The project is also informed by the works of Norman Rockwell and Bill Waterson (“Calvin and Hobbes”). “[They] were huge influences for the characterization and tone of the book, and I wanted to channel a lot of the things that I really enjoyed from ‘Calvin and Hobbes’ -- including the tone and the mood of a classic era. I set out to do a very action-packed book that's also wholesome and fun,” Smith explained. “So in some spots the story is moody and mysterious, in others it's pulsing with manic energy. Overall, the stories are charming and fun, and that's a good mixture.”

Of his artistic partner, Matt Weldon, Smith has nothing but nice things to say. “He captures the mood of the characters, the expressions, and brings the personalities to life on the page through his artwork. He's incredible, a real gentleman, and a class act,” Smith remarked. “I'm beaming over working with him and I probably have to stop short for fear of sounding like his grandmother in my praises of his talents, strong character, and abilities.”

Smith found Weldon when the artist submitted a pin-up piece for an art contest in another of Smith’s books, “Aqua Leung.” “He usually draws in another style but he changed it up,” Smith said. “I was really impressed with this little foot style dug what he did with it.“

“I spend a good while just sitting about visualizing over Mark's scripts,” Weldon said of his initial reaction to the book, “and I still do. My mind really wanders when I read through the scripts he sends me. They really come to life for me and the best part about working with Mark is he tells me all the time that if I feel impressed to take creative liberties then just go for it.”

Asked how he approaches the artwork on “New Brighton,” Weldon explained, “At first I spent weeks of concept sketching and consideration on how I should approach the style and to be honest, it's still evolving. I'm finishing up the last 30 pages on the first volume and they're worlds apart from the first couple dozen pages I produced for this storyline.”

“New Brighton” began as vignettes in the Image anthology “PopGun,” but the longer form of an original graphic novel was always in mind as Smith and Weldon’s eventual goal. “The stories we did for ‘PopGun’ were a great way to warm up and us to get comfortable and settled in with the world and the characters,” Weldon said. The ‘PopGun’ shorts will be online soon for people to enjoy if they missed them and included as part of the graphic novel as well.”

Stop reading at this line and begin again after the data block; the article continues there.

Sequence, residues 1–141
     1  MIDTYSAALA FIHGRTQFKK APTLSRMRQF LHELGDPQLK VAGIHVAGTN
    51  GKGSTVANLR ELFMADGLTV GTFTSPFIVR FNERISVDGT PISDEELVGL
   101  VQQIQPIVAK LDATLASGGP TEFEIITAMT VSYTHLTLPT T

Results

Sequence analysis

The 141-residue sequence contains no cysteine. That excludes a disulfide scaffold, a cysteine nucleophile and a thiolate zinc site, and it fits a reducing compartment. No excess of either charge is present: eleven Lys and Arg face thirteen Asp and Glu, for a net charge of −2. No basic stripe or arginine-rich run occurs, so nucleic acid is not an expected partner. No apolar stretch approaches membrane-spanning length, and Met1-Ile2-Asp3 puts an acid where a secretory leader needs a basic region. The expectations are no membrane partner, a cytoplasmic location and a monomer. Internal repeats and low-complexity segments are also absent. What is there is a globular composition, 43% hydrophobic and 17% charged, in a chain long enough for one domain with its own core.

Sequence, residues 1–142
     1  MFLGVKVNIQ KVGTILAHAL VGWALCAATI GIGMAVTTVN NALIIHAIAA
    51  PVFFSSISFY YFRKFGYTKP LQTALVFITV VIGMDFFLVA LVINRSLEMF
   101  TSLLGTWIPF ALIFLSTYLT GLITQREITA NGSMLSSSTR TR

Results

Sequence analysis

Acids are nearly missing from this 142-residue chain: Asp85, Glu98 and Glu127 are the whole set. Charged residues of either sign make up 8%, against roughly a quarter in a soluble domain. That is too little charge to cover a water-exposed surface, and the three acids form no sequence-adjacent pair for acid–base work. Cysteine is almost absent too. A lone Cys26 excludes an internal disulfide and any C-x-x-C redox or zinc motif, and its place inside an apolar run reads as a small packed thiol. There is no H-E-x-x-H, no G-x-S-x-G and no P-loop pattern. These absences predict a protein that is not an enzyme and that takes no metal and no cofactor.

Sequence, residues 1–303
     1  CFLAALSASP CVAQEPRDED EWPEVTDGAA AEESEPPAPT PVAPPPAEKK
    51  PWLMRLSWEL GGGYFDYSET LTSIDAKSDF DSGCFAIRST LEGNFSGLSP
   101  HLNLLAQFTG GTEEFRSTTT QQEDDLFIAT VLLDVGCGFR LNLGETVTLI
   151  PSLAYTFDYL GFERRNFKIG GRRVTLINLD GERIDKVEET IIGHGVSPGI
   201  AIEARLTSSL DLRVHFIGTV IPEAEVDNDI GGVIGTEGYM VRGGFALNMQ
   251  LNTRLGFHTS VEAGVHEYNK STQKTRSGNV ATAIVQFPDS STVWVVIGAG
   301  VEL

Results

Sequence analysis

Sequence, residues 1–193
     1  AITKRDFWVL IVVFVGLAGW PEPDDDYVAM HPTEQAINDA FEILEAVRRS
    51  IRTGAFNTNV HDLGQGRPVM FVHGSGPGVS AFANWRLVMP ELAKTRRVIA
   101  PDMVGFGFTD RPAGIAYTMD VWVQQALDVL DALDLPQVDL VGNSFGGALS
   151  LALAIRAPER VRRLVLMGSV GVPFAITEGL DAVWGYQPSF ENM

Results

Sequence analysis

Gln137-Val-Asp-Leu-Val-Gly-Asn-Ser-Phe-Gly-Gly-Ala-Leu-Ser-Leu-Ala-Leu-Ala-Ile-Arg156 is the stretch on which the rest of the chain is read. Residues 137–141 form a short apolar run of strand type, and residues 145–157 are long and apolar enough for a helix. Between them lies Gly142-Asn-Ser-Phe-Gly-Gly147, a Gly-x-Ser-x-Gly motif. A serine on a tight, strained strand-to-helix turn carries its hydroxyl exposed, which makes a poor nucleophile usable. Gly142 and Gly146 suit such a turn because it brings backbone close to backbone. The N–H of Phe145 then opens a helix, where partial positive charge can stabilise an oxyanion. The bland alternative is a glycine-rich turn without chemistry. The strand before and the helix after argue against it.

Smith and Weldon have a broad audience in mind for “The New Brighton Archeological Society.” [The project] is an olive branch book in every sense of the word,” said Smith. “You can give it to anyone and I think that there's something they'll enjoy and take away from reading it. I wanted to create something that I felt comfortable handing it to anyone. My parents always want to hand off some books to the neighbor kids so I wanted to have something on hand for them to do that. I wanted to make something that my grandfather would be proud of and that I could hand to him that he'd get that wouldn't be quite like my other work. It’s written with a wide audience in mind. If you have children and you want them to get into comics you can buy this for them and not be worried about the content. Women and teenage girls will also enjoy it -- there are a lot of great characters for the female audience. It's also a book that librarians, bookstore owners and teachers can get excited about.

“Often times you'll hear the cry that we need more comics for kids to read. We're the ones that actually did something about that and threw our hats into the ring. We hope the book draws in new readers.”

Will there be further adventures of the New Brighton Archeological Society, sales willing? “Originally, the idea was to create a comic book kid's chapter book series,” Smith revealed. “So by that logic, there should be many more adventures. It depends on how ‘New Brighton’ is received. Ff the reception is positive then we'll hammer out as many original graphic novels as we can. There are more planned, it's a matter of when, and how to proceed when we have more information.”

“New Brighton Archeological Society” hits the stands November 19 from Image Comics.

Rick and Morty Just Introduced An Even More Twisted Council of Ricks

More in Comics